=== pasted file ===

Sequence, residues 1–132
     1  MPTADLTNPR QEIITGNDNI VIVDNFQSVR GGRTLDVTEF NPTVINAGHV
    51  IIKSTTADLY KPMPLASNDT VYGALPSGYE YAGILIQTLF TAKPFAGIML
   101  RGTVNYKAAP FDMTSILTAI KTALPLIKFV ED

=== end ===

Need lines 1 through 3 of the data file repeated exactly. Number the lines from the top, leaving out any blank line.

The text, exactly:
Sequence, residues 1–132
     1  MPTADLTNPR QEIITGNDNI VIVDNFQSVR GGRTLDVTEF NPTVINAGHV
    51  IIKSTTADLY KPMPLASNDT VYGALPSGYE YAGILIQTLF TAKPFAGIML